From Ancient Folklore to Modern Ecological Symbol
Two millennia old or older, the Green Man is the vibrant spirit of the wild wood, of vegetation in leaf or bud, of spring, pool and river, earth and sky, indeed the totality of nature. His voice is the hiss of the high wind in ash and oak. And his profundity those sudden silences of a forest when all Nature seems to hold her breath. When we hear or feel him no more mankind will have run its course. Ronald Millar.
To commemorate what would have been our fourth annual Green Man community event at Oak House Museum this year (with the usual, performers, dancers, live music, bouncy castle, historic characters, stalls and children’s entertainment, crafts, trails and more) we thought we would delve into the history and folklore surrounding the Green Man and see how the image has meaning in modern culture today. Until recently the closest Green Man festival to the West Midlands was held at Clun in Shropshire, so our Green Man celebration had become a wonderful way for us Black Country folk to celebrate spring and welcome in the summer in the old way.
Since we are unable to hold our event this year we thought it would be nice for this celebration to happen virtually, so if you have seen a modern or ancient Green Man anywhere let us know, send us a photo, or if you feel inspired to do so, share your Green Man artwork with us. We would be very interested to see what you come up with and how you’ve been celebrating spring.
So what or who is the Green Man? The long and the short of it is that no one really knows. He’s a bit of a mystery. However, the fact that there are so many pictures and carvings of him known around the world would suggest that he was an important image or representation to many people. To pin down what the Green Man actually signifies is quite complicated. He is known from ancient carvings and sometimes referred to as foliate head (heads made of foliage or leaves), grotesques or even gargoyles. These were dotted around hundreds of old buildings, churches and cathedrals of England but he is also a figure from folklore, a wild man of the wood, Robin Hood, the Jack in the Green and a symbol of regrowth that returns each year.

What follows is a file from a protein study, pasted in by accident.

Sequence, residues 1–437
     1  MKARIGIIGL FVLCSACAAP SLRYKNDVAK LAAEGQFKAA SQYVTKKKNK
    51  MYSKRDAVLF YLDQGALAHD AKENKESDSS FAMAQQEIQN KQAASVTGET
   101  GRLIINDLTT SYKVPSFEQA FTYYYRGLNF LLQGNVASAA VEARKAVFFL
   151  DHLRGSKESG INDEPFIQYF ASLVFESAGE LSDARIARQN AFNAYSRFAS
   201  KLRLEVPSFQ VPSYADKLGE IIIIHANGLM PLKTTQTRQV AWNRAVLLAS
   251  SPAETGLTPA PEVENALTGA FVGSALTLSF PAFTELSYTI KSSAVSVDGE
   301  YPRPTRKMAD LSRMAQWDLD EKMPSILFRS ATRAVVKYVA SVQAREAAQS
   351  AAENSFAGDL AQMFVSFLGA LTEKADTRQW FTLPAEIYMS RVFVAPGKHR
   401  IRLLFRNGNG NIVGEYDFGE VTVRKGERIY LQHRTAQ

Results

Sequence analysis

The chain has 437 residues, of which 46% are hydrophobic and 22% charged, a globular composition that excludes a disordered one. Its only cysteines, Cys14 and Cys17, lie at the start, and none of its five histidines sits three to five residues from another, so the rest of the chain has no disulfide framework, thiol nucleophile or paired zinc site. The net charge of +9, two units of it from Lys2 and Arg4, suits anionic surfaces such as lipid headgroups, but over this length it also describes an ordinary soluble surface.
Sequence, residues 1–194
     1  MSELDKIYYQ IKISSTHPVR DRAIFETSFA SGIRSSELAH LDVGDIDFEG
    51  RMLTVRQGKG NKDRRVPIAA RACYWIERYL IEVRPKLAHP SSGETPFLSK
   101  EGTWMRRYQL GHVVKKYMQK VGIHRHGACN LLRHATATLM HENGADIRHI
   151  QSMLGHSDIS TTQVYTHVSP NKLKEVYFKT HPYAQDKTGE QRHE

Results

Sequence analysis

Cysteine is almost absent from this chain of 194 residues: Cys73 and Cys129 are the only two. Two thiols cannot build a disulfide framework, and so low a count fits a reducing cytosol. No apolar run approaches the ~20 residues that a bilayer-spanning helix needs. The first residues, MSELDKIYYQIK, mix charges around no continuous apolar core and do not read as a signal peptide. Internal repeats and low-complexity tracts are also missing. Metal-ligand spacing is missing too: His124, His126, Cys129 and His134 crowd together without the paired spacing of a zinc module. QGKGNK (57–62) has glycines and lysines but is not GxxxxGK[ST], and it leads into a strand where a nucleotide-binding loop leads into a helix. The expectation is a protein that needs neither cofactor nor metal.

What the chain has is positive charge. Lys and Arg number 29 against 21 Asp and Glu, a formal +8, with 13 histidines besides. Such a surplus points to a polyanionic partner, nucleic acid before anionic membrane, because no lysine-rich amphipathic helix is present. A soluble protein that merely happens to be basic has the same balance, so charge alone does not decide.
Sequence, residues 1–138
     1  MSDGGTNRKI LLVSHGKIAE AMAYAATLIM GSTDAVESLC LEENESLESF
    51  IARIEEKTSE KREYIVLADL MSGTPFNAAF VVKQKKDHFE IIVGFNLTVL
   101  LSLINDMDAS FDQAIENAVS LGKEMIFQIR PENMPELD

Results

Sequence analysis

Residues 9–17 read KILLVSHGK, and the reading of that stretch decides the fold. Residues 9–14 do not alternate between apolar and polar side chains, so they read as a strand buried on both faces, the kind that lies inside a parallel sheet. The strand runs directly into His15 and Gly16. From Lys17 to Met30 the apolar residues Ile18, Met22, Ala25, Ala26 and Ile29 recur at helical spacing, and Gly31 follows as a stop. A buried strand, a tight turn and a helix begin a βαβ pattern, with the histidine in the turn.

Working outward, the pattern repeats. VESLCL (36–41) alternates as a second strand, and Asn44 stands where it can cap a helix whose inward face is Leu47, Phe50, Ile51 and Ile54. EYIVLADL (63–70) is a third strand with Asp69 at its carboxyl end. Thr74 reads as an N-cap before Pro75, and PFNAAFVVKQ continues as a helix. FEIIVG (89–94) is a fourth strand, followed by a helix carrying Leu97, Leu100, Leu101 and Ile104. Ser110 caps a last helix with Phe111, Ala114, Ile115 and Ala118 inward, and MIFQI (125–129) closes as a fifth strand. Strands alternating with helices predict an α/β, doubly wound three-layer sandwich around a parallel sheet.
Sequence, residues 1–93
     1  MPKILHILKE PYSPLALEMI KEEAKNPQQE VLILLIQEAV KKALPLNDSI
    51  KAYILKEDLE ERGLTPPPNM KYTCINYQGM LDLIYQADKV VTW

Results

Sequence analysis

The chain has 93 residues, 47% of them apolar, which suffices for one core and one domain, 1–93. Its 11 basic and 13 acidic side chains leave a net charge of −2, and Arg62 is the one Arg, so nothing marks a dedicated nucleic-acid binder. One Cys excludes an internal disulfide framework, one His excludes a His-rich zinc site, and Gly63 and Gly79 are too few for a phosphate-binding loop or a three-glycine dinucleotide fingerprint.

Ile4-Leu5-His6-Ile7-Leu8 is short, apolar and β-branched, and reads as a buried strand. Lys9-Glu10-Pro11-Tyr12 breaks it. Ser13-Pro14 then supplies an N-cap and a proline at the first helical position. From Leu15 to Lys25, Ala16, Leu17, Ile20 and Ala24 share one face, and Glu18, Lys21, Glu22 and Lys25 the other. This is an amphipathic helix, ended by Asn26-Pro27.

The Green Man started appearing on churches in England from the late 11th century onward, not long after the Norman Conquest of 1066. The oldest known survivor is carved near the doorway of the church in Kilpeck, Herefordshire.
There are several types of Green Man images from the 1200s: the “foliate head”, a mask-like face covered in leaves, the “disgorging head” with leaves and branches coming from its mouth and the “bloodsucker head” which sprouts vegetation from its mouth, eyes and ears and “the peeper” who peers from behind another carving. The meaning of this enduring image is unclear; however leafy heads featured in Roman art from around the first century A.D. Therefore making nature into a human form is possibly an idea that is thousands of years old. These early forms of ‘Green Men’ are usually pictured with acanthus leaves sprouting around their faces and are sometimes described as a male medusa (medusa was an ancient mythical creature with snakes for her hair) or linked to a Bacchus cult celebrating Dionysus (an ancient god, associated with drinking, vines and ivy).